• User research
    Interviews with customers, the analysis of your search feature and other methods of user research can help you to find out what your visitors top tasks are.

    We always advise to combine logfile analysis with one of these methods: logfiles can only tell you what people do on your website, not what they’d like to do or can’t find.

    If one of your visitors’ top tasks is the same as one of your site’s least visited pages, you know there’s a lot of work to be done.

What do you do with rarely visited pages?

  • Delete
    For most pages at the bottom of this list: just hit the delete button. That news article you write 2 years ago will not be missed. Goodbye and good riddance.
  • Cluster information
    A lot of sites use 10 pages where instead they should just have 1 page. Pull yourself together and have the courage to get rid of the stuff nobody’s interested in. Trim the fat. Stick to the essentials.
  • Reactivate
    Reactivate the interest in pages that have a high conversion rate or are actually one of your visitors’ top tasks. Some possibilities: put a link on the homepage, give it a more prominent place in your navigation, rewrite the page, create more links to the page, etc.
  • Leave them to rot in your website’s darkest holes
    This only applies to those pages you need to keep for legal reasons.
    Take care to bury them really deep where they’re not likely to bother people.

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  • Grace

    Great article. What does conversion rate mean? Can you explain please?

  • Els Aerts

    @Grace: Conversion rate is the ratio of visitors who convert from just looking at your page to doing something you want them to do. For an online shop, that can mean turning visitors into buyers, for another site it can mean getting people to sign up to your newsletter or to download the demo of your software.

  • Sebastian Preuss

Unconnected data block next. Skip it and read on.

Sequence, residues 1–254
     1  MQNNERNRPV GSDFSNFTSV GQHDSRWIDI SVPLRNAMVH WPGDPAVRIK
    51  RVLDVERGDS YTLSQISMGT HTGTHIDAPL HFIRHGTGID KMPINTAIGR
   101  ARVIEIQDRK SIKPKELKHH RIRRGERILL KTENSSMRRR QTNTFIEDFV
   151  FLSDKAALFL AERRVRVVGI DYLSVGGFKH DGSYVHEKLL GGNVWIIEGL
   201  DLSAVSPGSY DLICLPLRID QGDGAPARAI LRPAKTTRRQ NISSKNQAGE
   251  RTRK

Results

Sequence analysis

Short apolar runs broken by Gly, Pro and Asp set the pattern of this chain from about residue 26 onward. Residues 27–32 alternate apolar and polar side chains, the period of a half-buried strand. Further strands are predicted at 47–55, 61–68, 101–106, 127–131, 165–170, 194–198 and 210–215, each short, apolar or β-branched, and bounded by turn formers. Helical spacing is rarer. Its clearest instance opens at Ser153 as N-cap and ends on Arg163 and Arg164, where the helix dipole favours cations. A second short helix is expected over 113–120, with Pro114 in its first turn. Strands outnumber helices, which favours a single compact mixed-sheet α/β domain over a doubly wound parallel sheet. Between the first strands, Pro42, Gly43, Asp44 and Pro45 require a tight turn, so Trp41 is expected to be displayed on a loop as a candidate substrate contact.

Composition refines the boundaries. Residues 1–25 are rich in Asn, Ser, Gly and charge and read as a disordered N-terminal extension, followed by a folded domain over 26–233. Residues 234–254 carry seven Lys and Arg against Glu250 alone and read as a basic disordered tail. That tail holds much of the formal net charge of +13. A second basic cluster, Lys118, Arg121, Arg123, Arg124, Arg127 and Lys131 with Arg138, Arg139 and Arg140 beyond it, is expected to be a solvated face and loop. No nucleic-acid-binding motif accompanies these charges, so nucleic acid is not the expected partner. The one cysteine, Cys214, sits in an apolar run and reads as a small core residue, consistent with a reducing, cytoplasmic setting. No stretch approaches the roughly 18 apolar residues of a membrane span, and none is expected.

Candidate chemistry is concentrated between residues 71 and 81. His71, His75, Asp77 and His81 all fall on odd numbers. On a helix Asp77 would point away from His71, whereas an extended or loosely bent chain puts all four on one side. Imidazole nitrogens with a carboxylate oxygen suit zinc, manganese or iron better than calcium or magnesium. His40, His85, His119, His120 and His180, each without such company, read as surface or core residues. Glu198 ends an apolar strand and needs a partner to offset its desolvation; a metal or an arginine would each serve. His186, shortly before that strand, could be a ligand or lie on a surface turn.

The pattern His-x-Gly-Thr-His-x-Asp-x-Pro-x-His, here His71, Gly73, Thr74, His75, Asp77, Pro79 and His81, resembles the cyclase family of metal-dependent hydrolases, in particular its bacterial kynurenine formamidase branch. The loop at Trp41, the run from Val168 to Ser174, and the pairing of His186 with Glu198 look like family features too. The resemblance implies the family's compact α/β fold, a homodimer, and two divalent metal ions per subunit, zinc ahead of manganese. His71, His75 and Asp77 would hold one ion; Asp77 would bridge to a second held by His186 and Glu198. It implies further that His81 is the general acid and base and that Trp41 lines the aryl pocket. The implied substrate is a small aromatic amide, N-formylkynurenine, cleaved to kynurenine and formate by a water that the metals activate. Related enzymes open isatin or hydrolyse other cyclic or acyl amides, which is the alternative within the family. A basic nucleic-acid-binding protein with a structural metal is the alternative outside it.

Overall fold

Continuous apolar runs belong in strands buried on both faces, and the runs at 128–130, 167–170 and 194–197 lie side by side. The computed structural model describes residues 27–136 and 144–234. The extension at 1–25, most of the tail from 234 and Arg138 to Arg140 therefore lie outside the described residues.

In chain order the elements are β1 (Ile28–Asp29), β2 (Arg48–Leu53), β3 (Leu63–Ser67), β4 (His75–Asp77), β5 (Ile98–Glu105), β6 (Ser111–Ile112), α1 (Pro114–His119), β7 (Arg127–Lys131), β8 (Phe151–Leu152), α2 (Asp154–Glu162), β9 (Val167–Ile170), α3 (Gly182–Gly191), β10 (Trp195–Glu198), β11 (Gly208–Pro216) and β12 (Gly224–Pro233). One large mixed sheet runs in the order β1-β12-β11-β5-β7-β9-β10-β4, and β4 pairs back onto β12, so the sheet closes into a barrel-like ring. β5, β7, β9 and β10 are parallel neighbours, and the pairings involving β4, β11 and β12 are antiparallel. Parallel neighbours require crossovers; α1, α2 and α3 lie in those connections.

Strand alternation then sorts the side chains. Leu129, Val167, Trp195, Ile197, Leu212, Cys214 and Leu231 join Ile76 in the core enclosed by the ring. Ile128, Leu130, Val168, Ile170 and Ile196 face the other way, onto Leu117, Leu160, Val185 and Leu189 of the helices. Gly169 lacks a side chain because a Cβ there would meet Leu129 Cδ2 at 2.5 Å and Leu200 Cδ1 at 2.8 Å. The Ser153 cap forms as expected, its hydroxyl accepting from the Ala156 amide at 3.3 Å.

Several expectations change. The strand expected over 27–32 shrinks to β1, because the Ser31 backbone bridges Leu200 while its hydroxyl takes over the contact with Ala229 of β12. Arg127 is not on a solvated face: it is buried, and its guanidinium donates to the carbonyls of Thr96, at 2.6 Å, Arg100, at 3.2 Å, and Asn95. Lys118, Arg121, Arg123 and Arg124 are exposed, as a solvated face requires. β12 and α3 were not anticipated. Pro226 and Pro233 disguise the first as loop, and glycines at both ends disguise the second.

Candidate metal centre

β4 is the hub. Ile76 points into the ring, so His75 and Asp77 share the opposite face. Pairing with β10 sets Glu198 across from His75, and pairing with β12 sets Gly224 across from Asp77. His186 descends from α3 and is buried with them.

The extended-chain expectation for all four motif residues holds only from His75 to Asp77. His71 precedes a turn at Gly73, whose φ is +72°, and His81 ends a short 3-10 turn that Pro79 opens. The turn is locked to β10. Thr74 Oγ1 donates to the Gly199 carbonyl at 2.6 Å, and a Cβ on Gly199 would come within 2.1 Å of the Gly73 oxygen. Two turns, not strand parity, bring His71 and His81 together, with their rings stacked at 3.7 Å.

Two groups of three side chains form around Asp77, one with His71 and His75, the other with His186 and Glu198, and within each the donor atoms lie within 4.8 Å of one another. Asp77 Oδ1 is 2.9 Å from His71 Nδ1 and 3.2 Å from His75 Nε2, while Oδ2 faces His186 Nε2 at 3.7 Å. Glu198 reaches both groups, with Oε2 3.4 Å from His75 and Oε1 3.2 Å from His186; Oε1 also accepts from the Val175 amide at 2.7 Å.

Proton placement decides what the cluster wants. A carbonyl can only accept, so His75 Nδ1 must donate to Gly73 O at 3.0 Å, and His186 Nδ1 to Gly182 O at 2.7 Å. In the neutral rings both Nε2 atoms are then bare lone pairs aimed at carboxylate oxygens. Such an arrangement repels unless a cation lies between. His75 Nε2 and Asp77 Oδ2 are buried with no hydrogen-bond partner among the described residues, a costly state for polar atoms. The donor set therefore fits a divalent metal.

Els, thanks for another good read. Of course you have to expect someone throwing the term long tail at you, so let me be that one. I don’t like large-scale web sites if they are for no reason. But the long tail is a valid phenomenon, especially on the Internet. And the mere number of pages is not what makes a site hard to navigate, it is how these pages are put together.

  • Els Aerts

    @Sebastian: The long tail is valid, sure. And if you’re an online retailer, it’s not something to dismiss. But a lot of websites also use the long tail theory as an excuse not to get rid of pages nobody is interested in. I’m not talking about online shopping sites here but about large government sites or corporate sites. They very often have loads of absolutely pointless pages that nobody’s interested in. It’s those pages that I’m talking about.

  • S Emerson

    While your article is very good explaining how to track down pages that have few visitors and justifies deletetion from a usability and marketing prospective, if you consider the search engine optimization side of things you could salvage those extra pages as opportunities for your site to be found.

    I would look at whether there is a search engine optimization reason these pages are not being viewed before deleting them. Maybe they need to be reworked so they are found in the search results and could lead into a converted visitor.

  • Karl Gilis

    @ S Emerson
    I think that’s what they call ‘reactivation’ in this article.

  • Lee

    While I did enjoy this article it really is hard to say this will cause more good than harm in terms of conversion. While I do like the idea of simplicity, I find it hard to believe that removing those pages will improve conversion rate enough to warrant the added benefit of the number of conversions those small amount of visits gained you via organic listings. Its not exactly good SEO, unless there was some awesome (I don’t think exist) kind of A/B testing!

  • Website Usability

    nice article to track down least visited pages. I also use google analytic to track them.